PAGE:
(LAKE RIDGE, VA) – Citizens in Charge Foundation, a national voter rights group focused on the ballot initiative and referendum process, presented Utah ACLU Legal Director Darcy Goddard with the August 2010 John Lilburne Award. Darcy is honored this month for her work on a groundbreaking e-signature case in which the Utah Supreme Court ruled in June that the state must accept electronic signatures on an independent candidate’s petition.

Truth in Governance

Wed, Jul 14 by Anonymous

Truth In Governance Logo

The Utah Supreme Court is considering the issue of e-signatures and whether they should be used in ballot initiatives. The court is also considering the arguments of Farley Anderson, an independent candidate for Utah governor, who was booted from the ballot on the issue of e-signatures. Anderson and the American Civic Liberties Union ( ACLU) are arguing e-signatures are the same as signing a paper ballot. Another group, Utahns for Ethical Government, has also joined the fight to bring e-signatures on the ballot for all candidates.

A pair of initiatives intended to create independent ethics and redistricting commissions won’t appear on the ballot this fall. The lieutenant governor’s office said Tuesday that neither initiative gathered the required number of signatures to be placed before voters.

Read the story from ABC 4

Utah’s highest court will hear arguments tomorrow to decide if signatures collected over the internet count on Utah petitions. The effort to allow signatures is being backed by the state chapter of the American Civil Liberties Union.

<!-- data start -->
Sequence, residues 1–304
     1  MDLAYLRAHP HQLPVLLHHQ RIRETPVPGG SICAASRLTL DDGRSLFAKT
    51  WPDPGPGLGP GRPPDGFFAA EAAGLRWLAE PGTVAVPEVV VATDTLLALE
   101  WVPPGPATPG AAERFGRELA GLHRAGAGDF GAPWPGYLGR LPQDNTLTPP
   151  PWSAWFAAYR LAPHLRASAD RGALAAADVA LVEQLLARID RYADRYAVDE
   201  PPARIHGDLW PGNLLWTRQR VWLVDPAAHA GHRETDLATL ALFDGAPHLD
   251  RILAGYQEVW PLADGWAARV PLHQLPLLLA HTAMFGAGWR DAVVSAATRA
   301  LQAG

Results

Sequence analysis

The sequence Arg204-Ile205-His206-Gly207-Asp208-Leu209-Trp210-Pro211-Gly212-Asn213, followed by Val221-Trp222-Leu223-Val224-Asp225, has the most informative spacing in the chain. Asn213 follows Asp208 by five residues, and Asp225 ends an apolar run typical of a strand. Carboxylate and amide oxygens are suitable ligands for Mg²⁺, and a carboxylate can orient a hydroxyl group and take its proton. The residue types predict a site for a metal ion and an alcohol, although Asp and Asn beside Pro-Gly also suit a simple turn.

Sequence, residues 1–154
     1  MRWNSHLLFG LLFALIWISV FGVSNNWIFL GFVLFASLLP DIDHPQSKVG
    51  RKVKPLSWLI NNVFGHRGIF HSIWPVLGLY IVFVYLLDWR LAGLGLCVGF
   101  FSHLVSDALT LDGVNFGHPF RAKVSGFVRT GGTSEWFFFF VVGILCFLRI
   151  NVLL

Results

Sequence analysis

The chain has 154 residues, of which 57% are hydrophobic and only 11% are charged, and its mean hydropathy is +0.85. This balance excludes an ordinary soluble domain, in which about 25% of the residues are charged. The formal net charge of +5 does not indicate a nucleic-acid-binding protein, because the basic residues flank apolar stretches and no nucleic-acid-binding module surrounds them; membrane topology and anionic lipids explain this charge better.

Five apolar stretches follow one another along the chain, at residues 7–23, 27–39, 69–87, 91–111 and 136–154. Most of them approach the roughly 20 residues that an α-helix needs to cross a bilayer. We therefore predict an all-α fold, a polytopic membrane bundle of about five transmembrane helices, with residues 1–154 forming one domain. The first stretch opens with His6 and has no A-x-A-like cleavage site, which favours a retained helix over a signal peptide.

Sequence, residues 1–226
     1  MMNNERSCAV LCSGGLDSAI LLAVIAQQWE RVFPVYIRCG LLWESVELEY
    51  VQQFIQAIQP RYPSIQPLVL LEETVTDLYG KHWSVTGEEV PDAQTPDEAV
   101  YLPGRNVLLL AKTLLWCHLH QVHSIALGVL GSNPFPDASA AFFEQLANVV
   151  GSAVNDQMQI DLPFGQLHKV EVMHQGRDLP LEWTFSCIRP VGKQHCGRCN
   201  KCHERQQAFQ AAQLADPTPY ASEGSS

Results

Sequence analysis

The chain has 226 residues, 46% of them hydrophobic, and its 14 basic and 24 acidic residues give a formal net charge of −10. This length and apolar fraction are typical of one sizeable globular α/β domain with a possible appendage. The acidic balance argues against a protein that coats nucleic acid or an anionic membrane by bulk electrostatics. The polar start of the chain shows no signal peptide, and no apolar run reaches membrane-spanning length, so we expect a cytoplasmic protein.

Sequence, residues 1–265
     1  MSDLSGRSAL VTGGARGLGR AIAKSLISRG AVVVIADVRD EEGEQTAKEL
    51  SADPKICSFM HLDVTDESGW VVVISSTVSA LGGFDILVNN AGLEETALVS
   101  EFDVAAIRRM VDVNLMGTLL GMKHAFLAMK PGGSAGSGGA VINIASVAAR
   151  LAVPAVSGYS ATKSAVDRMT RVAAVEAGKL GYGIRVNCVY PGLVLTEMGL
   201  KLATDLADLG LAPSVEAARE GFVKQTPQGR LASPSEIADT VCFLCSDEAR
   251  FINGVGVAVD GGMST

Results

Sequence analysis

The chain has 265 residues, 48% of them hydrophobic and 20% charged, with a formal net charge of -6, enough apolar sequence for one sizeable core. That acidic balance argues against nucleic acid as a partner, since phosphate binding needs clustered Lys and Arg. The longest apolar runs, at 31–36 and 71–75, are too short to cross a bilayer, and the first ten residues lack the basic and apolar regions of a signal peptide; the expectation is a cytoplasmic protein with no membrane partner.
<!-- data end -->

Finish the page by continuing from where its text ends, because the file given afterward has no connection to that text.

The American Civil Liberties Union of Utah will represent aspiring candidate Farley Anderson as he takes his electronic-signature battle to the state Supreme Court on June 2. In March, Lieutenant Governor Greg Bell rejected Anderson as an independent candidate for governor because a small portion of his required 1,000 signatures were gathered online.

Read the story from The Salt Lake Tribune

Of the 45 states whose legislatures hold sessions in 2010, 27 of them have adjourned for the year, and 5 more will wrap up before the end of the month. Of the more than 80 bills dealing with the initiative and referendum process in various states, 51 of them would have reduced citizens’ initiative rights. Thanks to the work of activists in our coalitions, only 3 bills reducing citizen’s rights have passed and become law.

One of Utah’s largest papers, the Deseret News, has editorialized against the state’s highly restrictive distribution requirement. The paper correctly points out that such requirements severely hamper grassroots petition efforts:

State lawmakers make no bones about it, they don’t like citizen initiatives. They contend that the legislative process better serves the electorate because important proposals undergo the legislative hearing process, where members of the public can express their support or concerns for various proposals. Then, the legislation must pass both houses and be signed into law by the governor, who also has the option of a veto.

Read they story from Deseret News

A federal judge ordered Utah county clerks to keep confidential the names signed electronically on petitions for a “Government Ethics Reform” initiative. Utahns for Ethical Government sued all the county clerks in Utah, claiming it needs the electronic signatures to qualify its initiative for the ballot, but many signers do not want their names made public.      Utahns for Ethical Government needs 95,000 signatures to qualify its initiative for the November ballot. It claims to have gathered 77,000 signatures in ink and at least 18,000 “e-signatures.”